Bad news for Brazil: its magic moment as the world’s most promising emerging market in the eyes of international economic elites is waning, and replaced by a wave of gloomy forecasts.
An article in the forthcoming May-June issue of the influential Foreign Affairs magazine entitled “Bearish on Brazil” is only the latest of several similar stories in recent weeks that portray Brazil as a country that is going nowhere.
The Foreign Affairs story, an excerpt from a book entitled “Breakout Nations,” by Morgan Stanley investment bank’s emerging markets chief Ruchir Sharma, makes an argument we have made many times in this column: Brazil’s growth has been too dependent on world prices of its commodity exports, and the country will face serious problems once these prices begin to fall.
That trend has already begun, Sharma says. China, the largest buyer of Brazilian commodities, has announced that its growth rate this year may fall below eight percent for the first time since 1998.
Few developing nations have grown for several decades based on commodity exports. Those that have grown for more than two decades, like China and India, owe their success to their exports of manufactured goods and services.
While China opened its doors to global trade and focused on investing in roads and bridges, Brazil turned inwards and failed to invest in infrastructure, Sharma says. Not surprisingly, China has grown four times faster than Brazil over the last three decades.
Brazil also errs by maintaining one of the world’s most expensive currencies, Sharma argues. That’s good for Brazilians who want to buy homes in Miami, but makes Brazilian manufactured goods and services too expensive to export, he adds.
“Brazil must recognize that the era of easy growth in emerging markets and high commodity prices is ending,” and must undertake urgent economic reforms, Sharma concludes.
Last month, the Reuters news agency said that President Dilma Rousseff’s failure to push ambitious economic reforms has turned Brazil into “an increasingly stagnant place.” The economy grew by 2.7 percent last year, and is expected to grow by an average 3 percent in coming years.
“Some of the same officials who just six months ago were celebrating Brazil’s seemingly unstoppable emergence as an economic power now privately admit they have few good options to meaningfully kick-start activity,” Reuters added.
In Latin America, the perception of Brazil as a star economy is changing as well. Former Mexican Foreign Minister Jorge Castañeda wrote recently that, contrary to the conventional wisdom, Mexico is doing better than Brazil on most fronts, including economic growth and homicide rates. The difference is that Brazilians sell themselves better, he said.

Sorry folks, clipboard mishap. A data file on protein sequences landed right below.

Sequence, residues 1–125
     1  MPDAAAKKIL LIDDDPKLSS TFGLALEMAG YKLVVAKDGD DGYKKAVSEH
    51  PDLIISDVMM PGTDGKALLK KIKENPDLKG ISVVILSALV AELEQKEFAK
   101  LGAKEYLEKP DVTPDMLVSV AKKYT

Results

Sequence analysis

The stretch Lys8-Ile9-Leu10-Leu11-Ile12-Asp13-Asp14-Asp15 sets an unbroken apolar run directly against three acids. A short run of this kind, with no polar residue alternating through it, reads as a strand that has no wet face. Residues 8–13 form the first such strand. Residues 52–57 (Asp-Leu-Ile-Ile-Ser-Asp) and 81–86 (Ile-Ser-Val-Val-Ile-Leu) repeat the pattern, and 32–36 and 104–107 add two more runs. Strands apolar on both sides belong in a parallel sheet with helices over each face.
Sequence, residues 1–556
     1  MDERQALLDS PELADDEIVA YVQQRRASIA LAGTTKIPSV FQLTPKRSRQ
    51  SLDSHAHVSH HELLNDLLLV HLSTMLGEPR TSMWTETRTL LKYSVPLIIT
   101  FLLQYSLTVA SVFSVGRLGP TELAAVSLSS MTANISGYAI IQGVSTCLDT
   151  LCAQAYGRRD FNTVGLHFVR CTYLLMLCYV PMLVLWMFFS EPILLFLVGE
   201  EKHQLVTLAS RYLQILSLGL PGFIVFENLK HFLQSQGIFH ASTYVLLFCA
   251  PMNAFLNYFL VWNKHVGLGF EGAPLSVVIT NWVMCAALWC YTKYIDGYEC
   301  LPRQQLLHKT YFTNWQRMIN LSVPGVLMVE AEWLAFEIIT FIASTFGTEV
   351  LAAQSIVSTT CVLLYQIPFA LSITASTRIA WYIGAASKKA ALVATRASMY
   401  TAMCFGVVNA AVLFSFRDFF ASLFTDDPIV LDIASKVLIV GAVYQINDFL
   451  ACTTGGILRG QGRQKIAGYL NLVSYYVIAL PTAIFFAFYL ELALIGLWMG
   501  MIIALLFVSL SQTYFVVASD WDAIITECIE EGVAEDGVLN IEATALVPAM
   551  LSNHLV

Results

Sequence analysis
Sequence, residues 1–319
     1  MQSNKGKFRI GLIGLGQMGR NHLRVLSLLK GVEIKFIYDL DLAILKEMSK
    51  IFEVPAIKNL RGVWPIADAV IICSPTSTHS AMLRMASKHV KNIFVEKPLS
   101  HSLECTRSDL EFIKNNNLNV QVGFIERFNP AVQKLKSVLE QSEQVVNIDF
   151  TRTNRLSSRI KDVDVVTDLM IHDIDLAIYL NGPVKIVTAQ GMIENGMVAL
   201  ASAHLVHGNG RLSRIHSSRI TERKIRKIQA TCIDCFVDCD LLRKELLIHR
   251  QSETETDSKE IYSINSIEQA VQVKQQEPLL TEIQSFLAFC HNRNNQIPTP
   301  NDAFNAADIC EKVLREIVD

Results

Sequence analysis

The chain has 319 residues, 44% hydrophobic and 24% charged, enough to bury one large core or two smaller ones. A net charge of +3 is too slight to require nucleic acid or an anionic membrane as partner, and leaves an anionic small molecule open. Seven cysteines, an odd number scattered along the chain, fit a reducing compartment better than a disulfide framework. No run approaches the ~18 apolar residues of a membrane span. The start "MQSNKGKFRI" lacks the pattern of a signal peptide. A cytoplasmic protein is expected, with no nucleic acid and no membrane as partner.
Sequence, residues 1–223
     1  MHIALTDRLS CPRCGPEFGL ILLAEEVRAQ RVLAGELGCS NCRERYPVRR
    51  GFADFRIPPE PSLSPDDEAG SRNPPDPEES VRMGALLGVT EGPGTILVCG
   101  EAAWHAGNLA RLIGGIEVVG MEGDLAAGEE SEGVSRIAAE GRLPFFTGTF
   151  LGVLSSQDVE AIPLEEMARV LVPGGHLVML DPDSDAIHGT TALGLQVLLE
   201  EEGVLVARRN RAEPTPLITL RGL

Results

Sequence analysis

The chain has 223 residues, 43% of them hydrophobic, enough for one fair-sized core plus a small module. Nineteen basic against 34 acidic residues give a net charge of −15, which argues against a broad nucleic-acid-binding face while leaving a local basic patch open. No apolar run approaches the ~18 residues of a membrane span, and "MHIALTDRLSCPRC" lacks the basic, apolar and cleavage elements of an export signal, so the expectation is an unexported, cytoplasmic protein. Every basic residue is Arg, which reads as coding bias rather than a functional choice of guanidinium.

And former Peruvian President Alan Garcia told me in a recent interview that Brazil is “a fatigued giant” that is falling behind. Garcia joked that the BRICS — the bloc of world emerging powers made up of Brazil, Russia, India, China and South Africa — may soon be renamed “RICS,” an acronym for the same group of countries minus Brazil.
Until recently, Brazil looked unstoppable, among other things because of its success in lifting more than 30 million people from poverty, its discovery of huge oil reserves and its designation to host of the 2014 Soccer World Cup and the 2016 Olympic games.
Brazil made the covers of The Economist, Time magazine and several other international magazines as the world’s latest success story. Earlier this year, Brazil’s announcement that it has surpassed Great Britain as the world’s sixth largest economy prompted a new barrage of upbeat predictions.
My opinion: I share the skepticism about Brazil’s immediate future, but I’m optimistic about the country in the long run.
Unlike some of its neighbors, such as Argentina and Venezuela, Brazil thinks long-term. It has long invested in key industries, such as bio fuels and aerospace, is taking steps to improve the quality of its education, and has recently launched a program to send 100,000 college students abroad, most of them to study science and engineering in U.S. universities.
Brazil is not a fatigued giant. It is a temporarily disoriented giant, which is only beginning to realize that it is falling behind. Once it emerges from its current state of confusion and inserts itself more fully in the global economy — like China and India — it will be well poised to rejoin the race with renewed energy.
ABOUT THE WRITER
Andres Oppenheimer is a Miami Herald syndicated columnist and a member of The Miami Herald team that won the 1987 Pulitzer Prize. He also won the 1999 Maria Moors Cabot Award, the 2001 King of Spain prize, and the 2005 Emmy Suncoast award. He is the author of Castro's Final Hour; Bordering on Chaos, on Mexico's crisis; Cronicas de heroes y bandidos, Ojos vendados, Cuentos Chinos and most recently of Saving the Americas. E-mail Andres at firstname.lastname@example.org. Live chat with Oppenheimer every Thursday at 1 p.m. at The Miami Herald.